A total of $11.9 billion from the public purse is being spent on energy that increases greenhouse gas emissions. This flies in the face of the Paris Agreement targets and will considerably increase the frequency of extreme weather and natural disasters, which are already costing us billions of dollars a year. We simply do not understand why Canada is investing in an energy source of the past rather than today's energy and the energy of the future.

Just how far is the Liberal government going to take this spending spree? We do not know. Infrastructure projects often go over budget in the construction phase. This has been the case for many projects in Montreal, including mega-hospitals and the Champlain Bridge. This is extremely troubling because it really feels as though the government thinks it has its own money printing press and can do whatever it wants.

Investments in renewable energy pay off a lot more in terms of job creation. For every dollar invested in renewable energy, job creation is six to eight times higher than the same investment in fossil fuels, which, unfortunately, are still front and centre around the world. Other countries are currently in transition, but Canada is really falling behind on this. The Liberal budget does not help find a solution or make the transition. Personally, I find that extremely troubling.

There is another thing I want to point out on the environmental front, even if much smaller amounts of money are involved. As environment critic for the NDP, I do not understand how the department in charge of implementing the Species at Risk Act could have seen its budget reduced by $12 million. That is $12 million less for all the programs to protect endangered species in Quebec and across Canada. We have now entered what is probably the sixth greatest extinction period for animal, plant and insect life in our planet's history. It is the sixth largest extinction period, and the government chose to cut funding to implement the Species at Risk Act. I simply cannot fathom why.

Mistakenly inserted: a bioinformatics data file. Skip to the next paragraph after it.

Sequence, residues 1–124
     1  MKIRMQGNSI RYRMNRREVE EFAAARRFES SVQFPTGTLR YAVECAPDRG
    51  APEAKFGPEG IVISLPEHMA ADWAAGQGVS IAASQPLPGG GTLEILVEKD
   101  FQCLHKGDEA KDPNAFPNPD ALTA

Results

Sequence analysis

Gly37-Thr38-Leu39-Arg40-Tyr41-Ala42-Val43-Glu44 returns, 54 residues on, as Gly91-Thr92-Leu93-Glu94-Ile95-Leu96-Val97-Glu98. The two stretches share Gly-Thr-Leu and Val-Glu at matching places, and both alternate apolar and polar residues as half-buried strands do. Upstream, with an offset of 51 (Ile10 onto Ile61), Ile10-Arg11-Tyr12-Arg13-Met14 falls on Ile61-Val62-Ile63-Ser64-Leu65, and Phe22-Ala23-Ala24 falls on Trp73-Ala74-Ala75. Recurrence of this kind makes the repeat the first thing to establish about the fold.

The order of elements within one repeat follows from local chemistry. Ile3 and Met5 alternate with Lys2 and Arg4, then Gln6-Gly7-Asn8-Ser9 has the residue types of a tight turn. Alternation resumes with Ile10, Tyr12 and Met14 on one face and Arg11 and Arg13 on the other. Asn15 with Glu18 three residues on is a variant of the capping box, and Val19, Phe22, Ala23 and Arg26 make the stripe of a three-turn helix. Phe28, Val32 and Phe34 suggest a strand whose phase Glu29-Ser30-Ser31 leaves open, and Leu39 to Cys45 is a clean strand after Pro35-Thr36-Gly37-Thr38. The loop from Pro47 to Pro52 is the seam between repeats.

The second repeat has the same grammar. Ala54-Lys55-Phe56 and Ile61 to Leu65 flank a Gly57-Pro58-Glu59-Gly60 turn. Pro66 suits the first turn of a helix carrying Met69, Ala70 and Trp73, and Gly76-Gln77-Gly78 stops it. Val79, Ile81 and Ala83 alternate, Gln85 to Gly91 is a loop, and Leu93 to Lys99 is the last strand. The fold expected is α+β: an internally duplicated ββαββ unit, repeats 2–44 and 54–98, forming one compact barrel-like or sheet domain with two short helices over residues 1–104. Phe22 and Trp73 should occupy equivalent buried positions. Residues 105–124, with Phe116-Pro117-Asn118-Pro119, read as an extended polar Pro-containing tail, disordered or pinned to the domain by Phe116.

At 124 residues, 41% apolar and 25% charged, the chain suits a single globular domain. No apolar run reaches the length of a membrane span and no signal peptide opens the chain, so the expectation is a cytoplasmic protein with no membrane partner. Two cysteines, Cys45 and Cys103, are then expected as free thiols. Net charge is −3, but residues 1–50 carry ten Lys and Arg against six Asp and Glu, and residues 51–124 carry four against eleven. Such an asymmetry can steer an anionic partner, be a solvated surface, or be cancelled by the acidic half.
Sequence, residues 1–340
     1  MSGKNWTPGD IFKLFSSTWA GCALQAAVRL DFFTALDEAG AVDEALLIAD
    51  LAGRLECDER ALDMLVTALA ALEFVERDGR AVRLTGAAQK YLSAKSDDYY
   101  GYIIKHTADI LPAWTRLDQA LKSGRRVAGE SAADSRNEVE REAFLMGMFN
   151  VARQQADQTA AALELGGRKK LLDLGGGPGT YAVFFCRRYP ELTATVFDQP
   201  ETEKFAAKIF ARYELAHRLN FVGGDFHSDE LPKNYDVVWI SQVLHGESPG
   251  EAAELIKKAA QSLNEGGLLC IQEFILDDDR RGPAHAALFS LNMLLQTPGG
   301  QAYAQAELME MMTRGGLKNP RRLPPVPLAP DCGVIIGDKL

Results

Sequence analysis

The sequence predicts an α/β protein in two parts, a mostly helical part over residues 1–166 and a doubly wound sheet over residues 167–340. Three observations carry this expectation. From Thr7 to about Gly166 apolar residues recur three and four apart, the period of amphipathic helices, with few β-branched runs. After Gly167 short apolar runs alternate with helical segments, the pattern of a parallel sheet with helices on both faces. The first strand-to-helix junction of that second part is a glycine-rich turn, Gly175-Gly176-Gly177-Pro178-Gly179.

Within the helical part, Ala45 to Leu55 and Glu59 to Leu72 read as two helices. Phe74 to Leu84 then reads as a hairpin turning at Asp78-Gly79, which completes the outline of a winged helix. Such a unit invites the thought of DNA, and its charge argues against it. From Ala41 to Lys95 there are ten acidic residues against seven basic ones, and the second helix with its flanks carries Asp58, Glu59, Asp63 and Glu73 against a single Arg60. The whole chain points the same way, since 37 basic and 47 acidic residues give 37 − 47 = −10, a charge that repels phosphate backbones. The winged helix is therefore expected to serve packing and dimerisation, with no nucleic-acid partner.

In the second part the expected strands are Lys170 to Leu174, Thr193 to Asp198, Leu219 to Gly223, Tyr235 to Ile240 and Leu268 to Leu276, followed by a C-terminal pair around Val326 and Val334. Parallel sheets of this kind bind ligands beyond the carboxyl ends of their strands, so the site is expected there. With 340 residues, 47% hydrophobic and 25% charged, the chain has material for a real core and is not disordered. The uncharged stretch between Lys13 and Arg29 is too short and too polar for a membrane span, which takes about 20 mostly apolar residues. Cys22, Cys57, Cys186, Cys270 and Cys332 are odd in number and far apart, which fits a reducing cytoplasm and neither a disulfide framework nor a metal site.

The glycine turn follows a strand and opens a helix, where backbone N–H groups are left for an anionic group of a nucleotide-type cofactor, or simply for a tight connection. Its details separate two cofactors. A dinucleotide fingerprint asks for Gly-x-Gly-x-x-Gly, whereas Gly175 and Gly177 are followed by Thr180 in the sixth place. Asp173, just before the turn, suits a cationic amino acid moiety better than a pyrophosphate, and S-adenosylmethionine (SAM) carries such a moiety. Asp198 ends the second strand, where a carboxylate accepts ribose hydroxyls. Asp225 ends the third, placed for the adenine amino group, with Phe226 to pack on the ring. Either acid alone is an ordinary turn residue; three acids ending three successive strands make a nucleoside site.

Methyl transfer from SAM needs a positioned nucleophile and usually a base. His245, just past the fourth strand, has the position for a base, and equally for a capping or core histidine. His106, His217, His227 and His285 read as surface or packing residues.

What is missing from the budget? All the investments in social housing announced with great fanfare are not in it. Investments over 11 years were announced for social housing, all of which will begin after the 2019 election and after the 2023 election. It is easy for a government to make promises and commitments when it has no idea if it will still be in power at that point. People are in dire straits right now. Thousands of people are in need of social housing because 40% to 50% of their income goes to rent. That leads to poverty. The Liberal government had the opportunity to make massive investments to address that right away.